Arctic Yearbook 2015 - Page 353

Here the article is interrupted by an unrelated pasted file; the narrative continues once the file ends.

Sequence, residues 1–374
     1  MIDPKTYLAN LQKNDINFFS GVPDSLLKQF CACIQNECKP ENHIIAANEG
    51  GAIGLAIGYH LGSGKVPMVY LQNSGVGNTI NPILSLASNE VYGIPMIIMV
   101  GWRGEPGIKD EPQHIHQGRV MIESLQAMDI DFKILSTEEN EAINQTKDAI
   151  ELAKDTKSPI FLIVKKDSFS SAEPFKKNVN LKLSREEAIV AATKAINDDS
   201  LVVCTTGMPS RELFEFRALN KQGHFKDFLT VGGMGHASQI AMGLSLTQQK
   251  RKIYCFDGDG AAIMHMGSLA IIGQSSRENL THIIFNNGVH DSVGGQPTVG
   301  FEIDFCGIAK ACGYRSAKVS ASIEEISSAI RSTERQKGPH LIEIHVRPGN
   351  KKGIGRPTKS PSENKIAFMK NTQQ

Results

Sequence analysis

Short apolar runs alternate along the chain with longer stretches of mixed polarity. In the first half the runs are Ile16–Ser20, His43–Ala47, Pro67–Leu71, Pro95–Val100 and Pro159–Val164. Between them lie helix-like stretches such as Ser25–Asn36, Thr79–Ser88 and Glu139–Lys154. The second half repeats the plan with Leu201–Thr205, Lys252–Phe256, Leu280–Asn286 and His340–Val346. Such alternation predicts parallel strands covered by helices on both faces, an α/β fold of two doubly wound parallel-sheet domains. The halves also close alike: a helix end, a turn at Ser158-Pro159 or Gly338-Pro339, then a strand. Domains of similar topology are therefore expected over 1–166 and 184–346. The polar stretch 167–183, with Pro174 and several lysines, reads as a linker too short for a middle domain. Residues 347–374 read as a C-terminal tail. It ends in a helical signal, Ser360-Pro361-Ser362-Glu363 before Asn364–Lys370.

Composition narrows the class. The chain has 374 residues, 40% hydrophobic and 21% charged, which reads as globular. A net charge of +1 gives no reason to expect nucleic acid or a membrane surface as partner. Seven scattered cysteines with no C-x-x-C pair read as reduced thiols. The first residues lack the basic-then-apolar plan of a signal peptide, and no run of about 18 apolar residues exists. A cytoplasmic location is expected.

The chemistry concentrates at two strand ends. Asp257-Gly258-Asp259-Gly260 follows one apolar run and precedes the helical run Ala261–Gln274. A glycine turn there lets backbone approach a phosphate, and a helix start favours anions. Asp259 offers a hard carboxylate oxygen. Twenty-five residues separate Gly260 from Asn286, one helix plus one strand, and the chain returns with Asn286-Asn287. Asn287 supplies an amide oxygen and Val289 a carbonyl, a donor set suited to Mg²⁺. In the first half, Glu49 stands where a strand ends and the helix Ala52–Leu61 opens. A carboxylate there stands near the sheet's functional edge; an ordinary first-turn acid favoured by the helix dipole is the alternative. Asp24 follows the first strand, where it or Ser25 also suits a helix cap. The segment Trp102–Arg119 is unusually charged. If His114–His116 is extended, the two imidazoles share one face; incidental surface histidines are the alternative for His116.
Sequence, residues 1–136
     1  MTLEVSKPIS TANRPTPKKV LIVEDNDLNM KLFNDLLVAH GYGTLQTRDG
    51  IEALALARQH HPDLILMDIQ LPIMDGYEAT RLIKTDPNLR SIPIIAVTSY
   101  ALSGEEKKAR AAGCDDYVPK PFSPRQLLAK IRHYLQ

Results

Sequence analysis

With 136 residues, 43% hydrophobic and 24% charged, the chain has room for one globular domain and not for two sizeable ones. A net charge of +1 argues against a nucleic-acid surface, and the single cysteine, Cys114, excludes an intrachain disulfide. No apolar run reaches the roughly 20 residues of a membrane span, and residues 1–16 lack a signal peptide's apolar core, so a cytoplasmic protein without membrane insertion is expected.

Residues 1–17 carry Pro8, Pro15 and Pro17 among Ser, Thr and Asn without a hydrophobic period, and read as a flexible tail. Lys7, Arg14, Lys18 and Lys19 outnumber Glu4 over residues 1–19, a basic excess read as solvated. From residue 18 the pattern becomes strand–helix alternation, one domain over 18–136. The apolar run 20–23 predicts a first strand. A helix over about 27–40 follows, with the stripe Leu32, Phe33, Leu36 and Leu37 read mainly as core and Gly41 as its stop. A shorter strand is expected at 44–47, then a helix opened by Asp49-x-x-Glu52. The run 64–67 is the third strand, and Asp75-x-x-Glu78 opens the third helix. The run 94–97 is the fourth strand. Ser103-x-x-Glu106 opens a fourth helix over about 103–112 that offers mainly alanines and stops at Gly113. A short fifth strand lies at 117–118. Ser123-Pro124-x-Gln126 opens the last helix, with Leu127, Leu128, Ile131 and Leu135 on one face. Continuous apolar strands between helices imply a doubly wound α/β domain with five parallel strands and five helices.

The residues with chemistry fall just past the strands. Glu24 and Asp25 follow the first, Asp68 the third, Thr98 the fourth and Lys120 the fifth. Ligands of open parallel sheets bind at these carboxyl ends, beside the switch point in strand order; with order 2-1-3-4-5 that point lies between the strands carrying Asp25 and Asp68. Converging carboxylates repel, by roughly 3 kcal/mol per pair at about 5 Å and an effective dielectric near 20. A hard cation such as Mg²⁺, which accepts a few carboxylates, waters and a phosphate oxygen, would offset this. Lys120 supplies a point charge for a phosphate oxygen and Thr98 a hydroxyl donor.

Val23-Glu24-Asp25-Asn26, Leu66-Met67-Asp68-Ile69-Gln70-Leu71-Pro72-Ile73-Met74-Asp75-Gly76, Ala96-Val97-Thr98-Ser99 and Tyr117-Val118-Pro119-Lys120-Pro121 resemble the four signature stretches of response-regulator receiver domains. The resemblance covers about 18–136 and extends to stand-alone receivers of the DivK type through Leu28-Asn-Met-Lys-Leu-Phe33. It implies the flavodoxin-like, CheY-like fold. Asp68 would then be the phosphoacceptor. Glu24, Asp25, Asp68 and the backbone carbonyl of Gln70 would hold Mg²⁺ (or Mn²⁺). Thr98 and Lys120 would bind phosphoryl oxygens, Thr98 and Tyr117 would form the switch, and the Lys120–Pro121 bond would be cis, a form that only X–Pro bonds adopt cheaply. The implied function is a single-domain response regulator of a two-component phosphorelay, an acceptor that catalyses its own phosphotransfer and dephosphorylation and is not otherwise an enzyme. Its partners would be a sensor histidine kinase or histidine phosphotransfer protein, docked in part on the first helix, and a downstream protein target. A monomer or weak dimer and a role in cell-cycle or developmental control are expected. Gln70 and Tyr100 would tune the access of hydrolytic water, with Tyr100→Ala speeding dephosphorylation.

353 Arctic Yearbook 2015 60 kilometres from the Finnish border. By 2016 another brigade will be established on the Yamal peninsula (Klimenko 2015). While Russia reiterated that it considers a strong Russian military presence and the protection of its interests in the Arctic by military means as an integral part of its national security (Pettersen 2015a) and also named the Arctic as key area in its new maritime doctrine (Pettersen 2015e), the Nordic ministers of defense and Iceland’s minister of foreign affairs reacted to the changed security environment in a joint declaration: The Russian aggression against Ukraine and the illegal annexation of Crimea are violations of international law and other international agreements. Russia’s conduct represents the gravest challenge to European security. As a consequence, the security situation in the Nordic countries’ adjacent areas has become significantly worsened during the past year…. we must be prepared to face possible crises or incidents (Bentzrød 2015). This statement highlights the possibility that the Arctic states – if they ever did – seem to have lost a large degree of their unconditional belief in a common set of norms for peaceful dispute settlement in the Arctic region. Norms for collective action Within the framework of the Arctic Council, the Arctic states adopted two agreements which established legally binding mechanisms for acting cooperatively in the fields of Search and Rescue (SAR) (Arctic SAR Agreement 2011) and for reacting collectively to marine oil pollution in the Arctic (Agreement on Oil Pollution Preparedness and Response in the Arctic 2013). They furthermore provided joint declarations for the United Nations Framework Convention on Climate Change (UNFCCC) (Arctic Council 2015). Similar cooperation on issues of traditional military security are, if at all, expressed in a number of joint military exercises in the region with their main tasks of practicing SAR, Anti-Terrorism and AntiPiracy (Regehr & Buelles 2015: 70 ff.). Other Arctic-specific forms of military cooperation do not exist, since the countries rather focus on other multilateral defense co-operations, most notably NATO, the ‘Nordic Defence Cooperation (NORDEFCO)’, or bilateral co-operation, such as between the US and Canada or between Norway and Russia. In course of the Ukrainian crisis, the picture of military cooperation and collective defense in the Arctic became even more fragmented. While all direct military cooperation with Russia – thus also all joint military exercises – was suspended, military exercises on both sides seem now to follow a perfidious geopolitical logic of escalation in which every ‘show of force’ from one side sees a direct response from the other side. After Norway’s largest military exercise in proximity to the NorwegianRussian border since 1967, Russia carried out an even larger military exercise of its Arctic Northern fleet. The disproportionate nature of Russia’s exercise becomes particularly evident considering that the Norwegian exercise was announced far ahead in time and involved around 5,000 Norwegian soldiers, while Russia’s involved a total of 38,000 soldiers and was carried out without prior notification (Mjaaland 2015). This increasing military tit-for-tat repeated itself when Russia in May The Arctic Security Community